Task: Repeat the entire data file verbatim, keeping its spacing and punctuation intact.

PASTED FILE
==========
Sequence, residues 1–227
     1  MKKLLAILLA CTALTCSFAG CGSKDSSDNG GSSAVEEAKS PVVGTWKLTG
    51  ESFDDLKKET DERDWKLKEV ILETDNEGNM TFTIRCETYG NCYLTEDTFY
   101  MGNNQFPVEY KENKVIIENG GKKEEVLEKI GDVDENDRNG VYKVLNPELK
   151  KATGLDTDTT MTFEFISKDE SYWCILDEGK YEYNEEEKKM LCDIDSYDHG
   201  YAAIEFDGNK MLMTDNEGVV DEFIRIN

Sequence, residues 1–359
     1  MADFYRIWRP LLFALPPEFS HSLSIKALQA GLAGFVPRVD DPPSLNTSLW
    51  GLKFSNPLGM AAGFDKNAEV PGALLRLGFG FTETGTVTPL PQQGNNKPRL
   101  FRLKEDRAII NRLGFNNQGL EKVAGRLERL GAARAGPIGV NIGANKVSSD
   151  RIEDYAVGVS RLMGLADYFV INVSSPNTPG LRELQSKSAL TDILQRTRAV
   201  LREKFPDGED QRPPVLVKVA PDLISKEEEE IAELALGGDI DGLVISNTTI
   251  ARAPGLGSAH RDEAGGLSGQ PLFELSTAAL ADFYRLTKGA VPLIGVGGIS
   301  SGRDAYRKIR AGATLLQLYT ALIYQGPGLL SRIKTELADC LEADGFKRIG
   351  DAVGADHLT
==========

Sequence, residues 1–227
     1  MKKLLAILLA CTALTCSFAG CGSKDSSDNG GSSAVEEAKS PVVGTWKLTG
    51  ESFDDLKKET DERDWKLKEV ILETDNEGNM TFTIRCETYG NCYLTEDTFY
   101  MGNNQFPVEY KENKVIIENG GKKEEVLEKI GDVDENDRNG VYKVLNPELK
   151  KATGLDTDTT MTFEFISKDE SYWCILDEGK YEYNEEEKKM LCDIDSYDHG
   201  YAAIEFDGNK MLMTDNEGVV DEFIRIN

Sequence, residues 1–359
     1  MADFYRIWRP LLFALPPEFS HSLSIKALQA GLAGFVPRVD DPPSLNTSLW
    51  GLKFSNPLGM AAGFDKNAEV PGALLRLGFG FTETGTVTPL PQQGNNKPRL
   101  FRLKEDRAII NRLGFNNQGL EKVAGRLERL GAARAGPIGV NIGANKVSSD
   151  RIEDYAVGVS RLMGLADYFV INVSSPNTPG LRELQSKSAL TDILQRTRAV
   201  LREKFPDGED QRPPVLVKVA PDLISKEEEE IAELALGGDI DGLVISNTTI
   251  ARAPGLGSAH RDEAGGLSGQ PLFELSTAAL ADFYRLTKGA VPLIGVGGIS
   301  SGRDAYRKIR AGATLLQLYT ALIYQGPGLL SRIKTELADC LEADGFKRIG
   351  DAVGADHLT